Patricio Chambers Mejía is the Guayllabamba Waterkeeper. He replaced his father Rafael Chambers, the former Guayllabamba Waterkeeper. Patricio has a civil engineering degree from the Pontifical Catholic University of Ecuador and more than 20 years of experience in project planning. In addition, Patricio earned a specialized degree in management, a Master's degree in higher learning teaching, and a certification as expert in comparative Eastern and Western philosophies. He has been a university professor at undergraduate and postgraduate level for 15 years. He founded and led the Pontifical Catholic University of Ecuador’s School of Systems in the town of Ambato in the central Andean valley of Ecuador and led the drafting and implementation of strategic plan for that town. Patricio worked for several years as project administrator for oil operations and for web information systems and serves as a consultant on various engineering projects. He has also worked as coordinator of the planning team of the Municipality of Quito. For almost three decades he has volunteered as an instructor of human values and practical philosophy as a member of the New Acropolis Educational Corporation, leading activities linked to the protection of the environment and waterways, reforestation, management of parks and building the capacity of concerned citizens around environmental stewardship. He has been linked to Guayllabamba Waterkeeper from its inception as a labor of love of the Chambers family. Guayllabamba Waterkeeper aims to rid the upper reaches of the Guayllabamba River of urban and industrial pollution.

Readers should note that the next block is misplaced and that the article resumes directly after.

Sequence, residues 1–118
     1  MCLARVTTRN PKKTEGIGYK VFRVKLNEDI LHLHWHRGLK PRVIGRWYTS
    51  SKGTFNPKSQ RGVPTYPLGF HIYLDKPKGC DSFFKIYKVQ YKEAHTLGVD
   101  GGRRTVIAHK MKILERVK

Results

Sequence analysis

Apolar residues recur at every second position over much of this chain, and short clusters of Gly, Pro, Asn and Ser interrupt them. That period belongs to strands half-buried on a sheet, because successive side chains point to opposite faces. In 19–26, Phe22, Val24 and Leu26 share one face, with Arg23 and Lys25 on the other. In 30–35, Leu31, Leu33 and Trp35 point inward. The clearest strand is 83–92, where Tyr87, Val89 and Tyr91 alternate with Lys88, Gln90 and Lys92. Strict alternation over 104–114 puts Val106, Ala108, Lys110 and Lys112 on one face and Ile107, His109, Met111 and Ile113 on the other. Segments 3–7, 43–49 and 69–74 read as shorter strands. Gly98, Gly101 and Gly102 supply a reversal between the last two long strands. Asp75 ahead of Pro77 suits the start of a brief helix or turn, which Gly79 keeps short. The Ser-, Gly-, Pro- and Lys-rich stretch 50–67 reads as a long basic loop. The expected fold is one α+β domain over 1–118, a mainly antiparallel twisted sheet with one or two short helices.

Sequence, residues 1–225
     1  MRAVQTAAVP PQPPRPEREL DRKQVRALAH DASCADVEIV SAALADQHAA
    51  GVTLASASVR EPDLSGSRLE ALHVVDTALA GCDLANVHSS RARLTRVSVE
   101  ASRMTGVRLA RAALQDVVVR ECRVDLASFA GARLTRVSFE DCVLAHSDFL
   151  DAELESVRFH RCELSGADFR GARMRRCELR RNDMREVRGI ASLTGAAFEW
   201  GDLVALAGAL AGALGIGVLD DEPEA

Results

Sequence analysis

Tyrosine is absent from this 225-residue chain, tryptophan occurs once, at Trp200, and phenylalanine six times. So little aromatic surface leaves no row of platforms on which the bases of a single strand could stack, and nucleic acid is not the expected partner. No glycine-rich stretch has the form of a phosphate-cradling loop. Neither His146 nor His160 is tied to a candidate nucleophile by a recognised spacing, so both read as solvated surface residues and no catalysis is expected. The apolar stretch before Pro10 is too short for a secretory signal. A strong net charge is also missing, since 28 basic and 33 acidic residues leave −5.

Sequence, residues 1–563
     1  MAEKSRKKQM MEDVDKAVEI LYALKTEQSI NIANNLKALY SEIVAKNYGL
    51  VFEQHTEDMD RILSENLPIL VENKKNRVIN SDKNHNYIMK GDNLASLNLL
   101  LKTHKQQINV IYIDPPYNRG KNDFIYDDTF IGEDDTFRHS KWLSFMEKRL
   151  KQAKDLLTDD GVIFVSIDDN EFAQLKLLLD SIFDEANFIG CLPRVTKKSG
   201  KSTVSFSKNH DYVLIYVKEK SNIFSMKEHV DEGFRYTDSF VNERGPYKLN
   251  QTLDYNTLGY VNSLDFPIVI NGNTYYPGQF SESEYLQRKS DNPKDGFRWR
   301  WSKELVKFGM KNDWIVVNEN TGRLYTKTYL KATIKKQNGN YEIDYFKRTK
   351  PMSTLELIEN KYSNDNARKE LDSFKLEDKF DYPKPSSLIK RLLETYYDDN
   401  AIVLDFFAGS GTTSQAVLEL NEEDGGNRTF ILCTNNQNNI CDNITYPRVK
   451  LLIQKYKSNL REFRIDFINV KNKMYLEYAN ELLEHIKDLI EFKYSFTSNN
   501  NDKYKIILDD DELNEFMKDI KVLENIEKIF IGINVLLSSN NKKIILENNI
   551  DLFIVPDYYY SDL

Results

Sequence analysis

The Guayllabamba River originates in the Andes Mountains in northern Ecuador. Guayllabamba is the Quechua word for green plain. This river is named after the vibrantly lush and fertile Guayllabamba plain that it crosses on its way to the Pacific Ocean. This area has unique geological and botanic importance with approximately 1,200 species of plants (many of which are medicinal) and a great diversity of birds, mammals, and insects of multiple exotic appearances. Among these interesting animals, one may find: squirrels, armadillos, bats, dwarf deer, skunk, South American gray fox, boas and other reptiles and amphibians, owls, woodpeckers, condors, and eagles. The upper portion of the Guayllabamba river is one of the most densely populated areas in the country (3.2m residents). Three major hydroelectric power plants were built along two main tributaries and are the recipients of sewage from 59 collectors spread throughout Quito. The nearby Monjas River also collects sewage from other parts of Quito and discharges it into to the Guayllabamba. Most other tributaries to the Guayllabamba are equally as polluted. The pollution comes from different sources - households, industry, and large and small scale farming. The pollution of the Guayllabamba has forced Quito’s Metropolitan Authority for Water and Sewage (EMAAP) to obtain its drinking water from other rivers in the Amazon basin.
Avenida Julio Tobar Donoso 1809 y Pasaje Santa Martha, Chiche-Puembo, Atte: Familia Chambers